New Delhi: On one side of Subroto Park in New Delhi, still under construction, stands one of the world’s slowest infrastructure projects, the Rao Tula Ram (RTR) Marg flyover. On the other side, cars whizz by on their way from the airport and Gurugram towards Dhaula Kuan, using a swanky new flyover inaugurated earlier this month.
The 2.7 km-long RTR flyover project, supposed to ease traffic movement between south Delhi and the airport, was launched in November 2014, but is still incomplete as work has progressed at a rate of only about 400 metres per year.
The other flyover, which covers a 2 km stretch between the Parade Road crossing and Dhaula Kuan, was constructed and inaugurated in 136 days, or four-and-a-half months.
It was developed to decongest National Highway 8 (NH 48 as per the new numbering system) and make the Dhaula Kuan-airport stretch signal-free. The flyover was inaugurated by Road Transport Minister Nitin Gadkari on 2 March.
How did things move so quickly?
Gadkari had asked the National Highways Authority of India (NHAI) if it could do a survey of the route, following which the requirement of land was prepared. The project needed about five acres of defence land, but it was not forthcoming, despite discussions with the Ministry of Defence at various levels.
A senior government official, who did not wish to be identified, said the project would have been stuck were it not for the personal intervention of the late Manohar Parrikar when he was union defence minister (until March 2017).
“The project hadn’t yet been formulated, but it was understood that once we got the land, we would do the project,” the official said. “It was personal intervention from Manohar Parrikar and Nitin Gadkari that made it possible. Parrikar walked the route three times with very senior officers of the army and the air force.”
After Parrikar’s intervention, the NHAI acquired the defence land in about six months. Drawing up plans and awarding tenders took another few months, but by March 2018, the flyover was ready for construction at an estimated cost of Rs 270 crore. However, security restrictions and the lack of clearance from the Ministry of Environment, Forest and Climate Change caused another four-month delay in the start of construction.
Finally, once the green clearances were obtained, work on the flyover began towards the end of October 2018.
The project faced huge challenges in terms of traffic management of about 3 lakh passenger cars per day, the presence of a large number of civil and defence utilities, shifting of defence infrastructure, and getting security and forest clearances.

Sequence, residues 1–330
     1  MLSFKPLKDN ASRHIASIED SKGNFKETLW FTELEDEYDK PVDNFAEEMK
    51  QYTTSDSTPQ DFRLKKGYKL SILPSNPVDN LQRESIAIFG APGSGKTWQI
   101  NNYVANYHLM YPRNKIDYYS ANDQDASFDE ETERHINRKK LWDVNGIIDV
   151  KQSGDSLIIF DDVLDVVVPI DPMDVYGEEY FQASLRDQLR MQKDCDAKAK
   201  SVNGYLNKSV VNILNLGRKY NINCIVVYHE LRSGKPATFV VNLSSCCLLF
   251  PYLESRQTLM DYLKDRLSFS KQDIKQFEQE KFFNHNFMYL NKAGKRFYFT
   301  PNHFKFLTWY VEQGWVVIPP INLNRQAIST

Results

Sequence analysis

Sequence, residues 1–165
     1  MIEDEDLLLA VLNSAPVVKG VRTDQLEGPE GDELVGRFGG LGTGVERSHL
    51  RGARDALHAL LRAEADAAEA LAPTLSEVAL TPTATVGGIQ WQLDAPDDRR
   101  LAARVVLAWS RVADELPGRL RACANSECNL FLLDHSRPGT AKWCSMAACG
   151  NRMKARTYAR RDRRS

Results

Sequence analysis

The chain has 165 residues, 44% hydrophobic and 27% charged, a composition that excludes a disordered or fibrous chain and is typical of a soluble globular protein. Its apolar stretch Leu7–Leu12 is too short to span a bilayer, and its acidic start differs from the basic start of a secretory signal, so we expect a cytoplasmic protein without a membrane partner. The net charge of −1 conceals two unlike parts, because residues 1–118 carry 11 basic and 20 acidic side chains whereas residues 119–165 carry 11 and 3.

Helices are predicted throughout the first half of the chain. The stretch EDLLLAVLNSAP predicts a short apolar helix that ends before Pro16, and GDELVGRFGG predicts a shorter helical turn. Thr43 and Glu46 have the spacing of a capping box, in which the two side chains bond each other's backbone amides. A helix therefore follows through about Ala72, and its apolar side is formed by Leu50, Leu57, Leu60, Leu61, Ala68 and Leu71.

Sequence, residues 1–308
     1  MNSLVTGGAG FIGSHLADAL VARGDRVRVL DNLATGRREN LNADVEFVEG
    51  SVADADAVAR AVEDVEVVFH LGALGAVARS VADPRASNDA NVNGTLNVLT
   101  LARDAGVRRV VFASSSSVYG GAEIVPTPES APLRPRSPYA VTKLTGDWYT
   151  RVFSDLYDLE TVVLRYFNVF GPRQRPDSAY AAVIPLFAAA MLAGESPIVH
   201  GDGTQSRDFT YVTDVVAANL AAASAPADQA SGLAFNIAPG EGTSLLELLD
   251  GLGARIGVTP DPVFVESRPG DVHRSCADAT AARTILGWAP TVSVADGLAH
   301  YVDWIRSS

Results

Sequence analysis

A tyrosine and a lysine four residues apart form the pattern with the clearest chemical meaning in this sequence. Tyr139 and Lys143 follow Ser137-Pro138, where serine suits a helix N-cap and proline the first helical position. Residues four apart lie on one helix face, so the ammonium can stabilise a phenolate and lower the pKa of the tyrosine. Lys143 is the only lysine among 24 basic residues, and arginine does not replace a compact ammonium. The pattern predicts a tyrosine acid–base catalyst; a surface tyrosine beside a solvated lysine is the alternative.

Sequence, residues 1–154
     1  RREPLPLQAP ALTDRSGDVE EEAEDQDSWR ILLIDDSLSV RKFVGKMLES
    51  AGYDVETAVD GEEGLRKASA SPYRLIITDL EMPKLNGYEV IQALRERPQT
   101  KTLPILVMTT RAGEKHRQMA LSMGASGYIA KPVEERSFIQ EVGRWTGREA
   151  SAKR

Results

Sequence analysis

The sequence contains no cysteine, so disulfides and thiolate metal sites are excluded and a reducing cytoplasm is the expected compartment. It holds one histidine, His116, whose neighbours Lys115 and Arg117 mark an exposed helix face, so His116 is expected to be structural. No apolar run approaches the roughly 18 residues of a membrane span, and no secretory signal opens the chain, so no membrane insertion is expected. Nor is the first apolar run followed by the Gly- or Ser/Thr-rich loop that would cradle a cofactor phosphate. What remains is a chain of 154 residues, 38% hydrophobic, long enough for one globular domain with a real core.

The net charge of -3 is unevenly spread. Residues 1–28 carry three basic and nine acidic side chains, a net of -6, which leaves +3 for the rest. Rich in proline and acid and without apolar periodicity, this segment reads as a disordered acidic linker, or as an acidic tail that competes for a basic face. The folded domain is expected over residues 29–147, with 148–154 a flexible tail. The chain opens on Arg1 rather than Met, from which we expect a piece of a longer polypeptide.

Another major hurdle, according to NHAI officials, was the Indraprastha Gas Limited pipelines on the route.
In addition, the fact that this stretch is part of the VVIP route meant that construction work had to be regularly halted. However, this also meant that there was a lot of top-level interest in this project.
“Most ministers, VVIPs and even the NHAI chairman travelled every day to office by this route, which is why we were getting a constant feedback. We constructed a site office at Dhaula Kuan to have a round-the-clock control room to monitor the work,” said an NHAI official.
One factor that did make the NHAI’s life easier was that the financial aspects of the project were taken care of by the ministry itself, so there was no dependency on any third party that could’ve delayed it.
Associated projects set to be completed soon
The completed flyover is only 60 per cent of the entire project, which includes uniform eight-laning, underpasses at Parade Road, Army Environmental Park and Training Area and R&R Hospital, and a new foot over bridge. According to NHAI officials, the entire project is on course for completion by the end of June.
Not the first fast-paced NHAI project
While it’s true that projects in India tend to take a long time to complete due to various reasons, including bureaucratic red-tapism, the NHAI has executed fast-paced projects in the past too.
For example, the 135 km-long six-lane Eastern Peripheral Expressway was completed in just 500 days.
Similarly, four flyovers and four underpasses in Gurugram were built in 13 months, comfortably beating the set target of 30 months.
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